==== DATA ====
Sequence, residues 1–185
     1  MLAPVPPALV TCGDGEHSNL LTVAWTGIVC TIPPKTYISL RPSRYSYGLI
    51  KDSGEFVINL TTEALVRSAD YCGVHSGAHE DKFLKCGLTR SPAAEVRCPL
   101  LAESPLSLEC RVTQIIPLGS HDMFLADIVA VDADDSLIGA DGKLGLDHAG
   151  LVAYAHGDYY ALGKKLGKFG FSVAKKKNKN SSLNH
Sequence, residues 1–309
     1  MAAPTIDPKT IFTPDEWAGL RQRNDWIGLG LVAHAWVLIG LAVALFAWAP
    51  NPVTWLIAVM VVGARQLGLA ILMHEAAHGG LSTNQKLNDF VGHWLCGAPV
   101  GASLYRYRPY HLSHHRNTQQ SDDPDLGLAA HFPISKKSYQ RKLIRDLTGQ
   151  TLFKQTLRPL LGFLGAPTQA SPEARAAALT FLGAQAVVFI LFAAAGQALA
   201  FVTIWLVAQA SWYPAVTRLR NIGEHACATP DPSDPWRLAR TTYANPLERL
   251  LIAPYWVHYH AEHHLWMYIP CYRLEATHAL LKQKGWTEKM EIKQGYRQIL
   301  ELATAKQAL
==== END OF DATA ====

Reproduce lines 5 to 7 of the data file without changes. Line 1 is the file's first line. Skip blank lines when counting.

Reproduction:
   151  LVAYAHGDYY ALGKKLGKFG FSVAKKKNKN SSLNH
Sequence, residues 1–309
     1  MAAPTIDPKT IFTPDEWAGL RQRNDWIGLG LVAHAWVLIG LAVALFAWAP